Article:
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Cool Smile
funsway
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A mentor put me on a workable path more than 60 years ago.

Question: "What is the most important part of a magic effect."

many members in our club chimed in with opinions: "practice," "audience connection, "secrecy," "timing," etc.

This one old guy said, "The most important part of anything you ever do is the part you are doing at that moment."

a close second was learned tears later in the thought:

"for someone in the audience this is their first exposure to magic. For another it is their last. Make your presentation vital for both."
"the more one pretends at magic, the more awe and wonder will be found in real life." Arnold Furst



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Dick Oslund
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Years ago NATE LEIPZIG, was a HEADLINER IN VAUDEVILLE. His only prop was a pack of cards. He invited several people on stage. They sat around a card table. With those simple props,Nate entertained a theater full of paying customers!

His most famous statement on this thread's question: The most important thing is that the AUDIENCE LIKES YOU.

I'm sure that with his very successful act, he knew that a good PRESENTATION, MADE THE AUDIENCE LIKE HIM.
SNEAKY, UNDERHANDED, DEVIOUS,& SURREPTITIOUS ITINERANT MOUNTEBANK
Mindpro
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The reality is it is all about Personality. So many are missing this and think their "magic" or skills are enough. They're not.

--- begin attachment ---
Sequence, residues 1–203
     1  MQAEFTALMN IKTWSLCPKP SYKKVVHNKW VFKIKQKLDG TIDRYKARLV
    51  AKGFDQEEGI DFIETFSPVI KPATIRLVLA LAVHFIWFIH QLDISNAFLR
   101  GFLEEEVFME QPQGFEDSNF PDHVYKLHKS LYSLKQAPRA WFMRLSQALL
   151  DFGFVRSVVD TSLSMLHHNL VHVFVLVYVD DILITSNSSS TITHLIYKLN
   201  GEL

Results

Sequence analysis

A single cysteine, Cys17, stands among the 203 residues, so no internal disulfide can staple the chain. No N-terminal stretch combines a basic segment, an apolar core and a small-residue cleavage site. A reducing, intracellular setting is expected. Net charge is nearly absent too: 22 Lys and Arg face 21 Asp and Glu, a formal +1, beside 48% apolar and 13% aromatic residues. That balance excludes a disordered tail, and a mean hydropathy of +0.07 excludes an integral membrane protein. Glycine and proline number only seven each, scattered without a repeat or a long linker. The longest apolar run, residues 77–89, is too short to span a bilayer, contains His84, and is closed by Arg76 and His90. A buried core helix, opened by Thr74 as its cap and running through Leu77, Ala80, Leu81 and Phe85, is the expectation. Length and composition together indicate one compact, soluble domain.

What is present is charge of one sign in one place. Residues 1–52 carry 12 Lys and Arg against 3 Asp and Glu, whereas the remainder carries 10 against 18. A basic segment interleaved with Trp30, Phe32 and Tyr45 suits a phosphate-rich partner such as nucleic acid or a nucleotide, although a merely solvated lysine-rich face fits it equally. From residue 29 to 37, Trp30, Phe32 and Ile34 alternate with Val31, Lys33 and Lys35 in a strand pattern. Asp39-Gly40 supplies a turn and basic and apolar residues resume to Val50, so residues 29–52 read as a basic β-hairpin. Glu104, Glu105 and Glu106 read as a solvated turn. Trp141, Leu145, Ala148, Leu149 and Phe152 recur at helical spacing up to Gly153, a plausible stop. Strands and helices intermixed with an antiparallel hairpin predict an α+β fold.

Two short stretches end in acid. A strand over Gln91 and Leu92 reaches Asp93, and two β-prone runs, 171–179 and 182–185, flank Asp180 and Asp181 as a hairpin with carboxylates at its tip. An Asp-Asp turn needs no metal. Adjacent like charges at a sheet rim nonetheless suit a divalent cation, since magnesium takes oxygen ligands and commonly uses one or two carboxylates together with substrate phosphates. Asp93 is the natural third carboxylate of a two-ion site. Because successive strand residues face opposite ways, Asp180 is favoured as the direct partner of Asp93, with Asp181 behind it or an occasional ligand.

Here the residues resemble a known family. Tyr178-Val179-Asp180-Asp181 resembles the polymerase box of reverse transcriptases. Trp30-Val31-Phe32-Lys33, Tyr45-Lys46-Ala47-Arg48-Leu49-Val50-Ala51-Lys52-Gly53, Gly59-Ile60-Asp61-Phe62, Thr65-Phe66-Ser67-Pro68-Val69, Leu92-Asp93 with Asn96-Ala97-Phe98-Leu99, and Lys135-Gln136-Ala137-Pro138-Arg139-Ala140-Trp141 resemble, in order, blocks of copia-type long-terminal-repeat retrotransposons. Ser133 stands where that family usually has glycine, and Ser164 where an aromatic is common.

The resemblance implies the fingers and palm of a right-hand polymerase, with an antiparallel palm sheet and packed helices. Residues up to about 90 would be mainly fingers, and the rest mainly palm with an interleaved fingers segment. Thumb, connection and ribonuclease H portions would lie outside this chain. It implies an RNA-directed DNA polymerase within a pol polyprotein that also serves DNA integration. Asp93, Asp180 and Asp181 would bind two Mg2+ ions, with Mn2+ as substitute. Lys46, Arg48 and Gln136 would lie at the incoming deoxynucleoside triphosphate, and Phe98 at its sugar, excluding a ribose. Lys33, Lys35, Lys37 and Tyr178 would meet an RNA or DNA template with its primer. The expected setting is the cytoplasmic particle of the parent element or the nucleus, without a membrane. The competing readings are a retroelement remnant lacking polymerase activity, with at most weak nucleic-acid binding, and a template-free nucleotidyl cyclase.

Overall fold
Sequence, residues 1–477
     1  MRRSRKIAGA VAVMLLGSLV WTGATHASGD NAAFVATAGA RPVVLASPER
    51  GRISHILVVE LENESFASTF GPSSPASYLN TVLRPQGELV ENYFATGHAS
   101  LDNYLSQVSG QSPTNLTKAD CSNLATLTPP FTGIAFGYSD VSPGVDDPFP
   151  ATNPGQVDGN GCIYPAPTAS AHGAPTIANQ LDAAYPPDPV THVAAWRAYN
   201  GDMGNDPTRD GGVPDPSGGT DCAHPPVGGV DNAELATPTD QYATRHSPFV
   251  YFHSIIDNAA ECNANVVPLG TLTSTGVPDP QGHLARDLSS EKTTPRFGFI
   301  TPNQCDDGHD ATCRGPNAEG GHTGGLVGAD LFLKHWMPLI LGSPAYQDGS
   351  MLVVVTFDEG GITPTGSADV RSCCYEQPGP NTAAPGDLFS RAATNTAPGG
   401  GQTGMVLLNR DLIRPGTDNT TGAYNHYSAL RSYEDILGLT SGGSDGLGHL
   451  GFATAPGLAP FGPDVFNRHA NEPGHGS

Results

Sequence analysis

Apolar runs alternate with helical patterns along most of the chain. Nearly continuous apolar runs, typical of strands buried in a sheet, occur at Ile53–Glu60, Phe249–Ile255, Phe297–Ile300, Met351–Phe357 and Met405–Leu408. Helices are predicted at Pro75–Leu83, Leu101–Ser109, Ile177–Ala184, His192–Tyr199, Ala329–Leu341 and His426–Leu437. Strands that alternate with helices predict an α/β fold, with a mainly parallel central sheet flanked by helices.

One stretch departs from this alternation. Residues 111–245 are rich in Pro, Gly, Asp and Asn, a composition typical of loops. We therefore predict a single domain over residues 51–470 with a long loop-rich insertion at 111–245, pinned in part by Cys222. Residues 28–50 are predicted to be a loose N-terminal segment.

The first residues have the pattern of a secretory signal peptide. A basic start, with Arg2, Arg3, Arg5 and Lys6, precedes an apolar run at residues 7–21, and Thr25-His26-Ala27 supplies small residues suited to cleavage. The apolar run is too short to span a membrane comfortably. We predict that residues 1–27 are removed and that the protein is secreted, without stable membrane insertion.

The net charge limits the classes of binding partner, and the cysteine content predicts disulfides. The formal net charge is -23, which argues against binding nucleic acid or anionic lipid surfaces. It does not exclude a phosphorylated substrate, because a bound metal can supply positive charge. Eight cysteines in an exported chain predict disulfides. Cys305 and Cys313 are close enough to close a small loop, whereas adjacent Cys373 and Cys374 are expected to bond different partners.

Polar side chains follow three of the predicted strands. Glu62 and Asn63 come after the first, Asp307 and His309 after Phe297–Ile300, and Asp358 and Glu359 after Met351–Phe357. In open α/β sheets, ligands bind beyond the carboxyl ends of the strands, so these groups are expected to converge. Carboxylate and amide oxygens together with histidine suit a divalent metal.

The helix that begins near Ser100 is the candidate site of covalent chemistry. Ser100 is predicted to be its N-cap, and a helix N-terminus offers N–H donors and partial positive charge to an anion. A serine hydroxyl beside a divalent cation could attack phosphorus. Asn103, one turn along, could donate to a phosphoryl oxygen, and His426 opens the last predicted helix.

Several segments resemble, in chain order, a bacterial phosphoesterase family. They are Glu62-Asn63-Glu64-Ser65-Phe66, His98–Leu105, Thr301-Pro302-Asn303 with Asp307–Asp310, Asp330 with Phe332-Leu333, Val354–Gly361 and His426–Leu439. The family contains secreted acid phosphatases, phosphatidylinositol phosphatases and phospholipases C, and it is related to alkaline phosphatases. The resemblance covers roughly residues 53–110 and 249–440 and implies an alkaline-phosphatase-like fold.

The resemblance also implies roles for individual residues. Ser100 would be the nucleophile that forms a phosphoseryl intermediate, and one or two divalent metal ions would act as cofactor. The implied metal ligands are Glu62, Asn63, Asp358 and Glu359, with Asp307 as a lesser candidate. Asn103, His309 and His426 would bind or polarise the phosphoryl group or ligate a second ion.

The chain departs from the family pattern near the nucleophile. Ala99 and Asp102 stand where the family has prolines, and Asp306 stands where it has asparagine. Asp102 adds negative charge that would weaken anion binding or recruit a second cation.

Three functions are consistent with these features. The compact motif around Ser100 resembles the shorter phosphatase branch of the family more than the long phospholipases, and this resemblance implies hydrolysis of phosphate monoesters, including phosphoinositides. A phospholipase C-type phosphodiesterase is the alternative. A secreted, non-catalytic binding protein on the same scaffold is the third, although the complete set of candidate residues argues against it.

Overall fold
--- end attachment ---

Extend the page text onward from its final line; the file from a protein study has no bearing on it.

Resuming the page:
Magic is about selling yourself, your presentation, and the wonder. This is all created and done through your personality. First and foremost you must be entertaining. Entertaining must come from you, not your tricks or skill. They can contribute to you being entertaining as "tools" to aid you and be utilized, but the first component to being entertaining is connection and rapport. Connection and rapport come from your personality.

These then combined with your skills and performance material can create the wonder.

I see so many miss these two important and crucial things - Personality and Being Entertaining. They will spend hours, days, weeks, and months on moves, movements, slights, storylines, plots, scripting, and execution, but little if any on personality and learning how to entertain with magic. The entertaining must come from you, not your magic.

Once you realize this AND completely understand it, you will see vast improvements much more quickly and garner far better responses and connections. Plus you'll find it to be much more rewarding.

You're welcome - I just gave you a nugget that takes some magicians years and even decades to discover.
Senor Fabuloso
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Funsway and Dick as usual you both get it Smile
No matter how many times you say the wrong thing, it will NEVER be right.

If I'm not responding to you? It's because you're a TROLL!
danaruns
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Bebel. Eddie Fechter. Dan Sperry. What do they all have in common that flies in the face of this thread?
"Dana Douglas is the greatest magician alive. Plus, I'm drunk." -- Foster Brooks
funsway
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Quote:
On Mar 2, 2019, danaruns wrote:
Bebel. Eddie Fechter. Dan Sperry. What do they all have in common that flies in the face of this thread?


an audience chemically addicted to entertainment?? (Studying entertainment psychology is intriguing if not disheartening)
"the more one pretends at magic, the more awe and wonder will be found in real life." Arnold Furst



ShareBooks at www.eversway.com * questions at funsway@eversway.com
funsway
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MIndpro - I can agree with most of you fine post above, and appreciate that inout.

but, I do have a problem with "I see so many miss these two important and crucial things - Personality and Being Entertaining."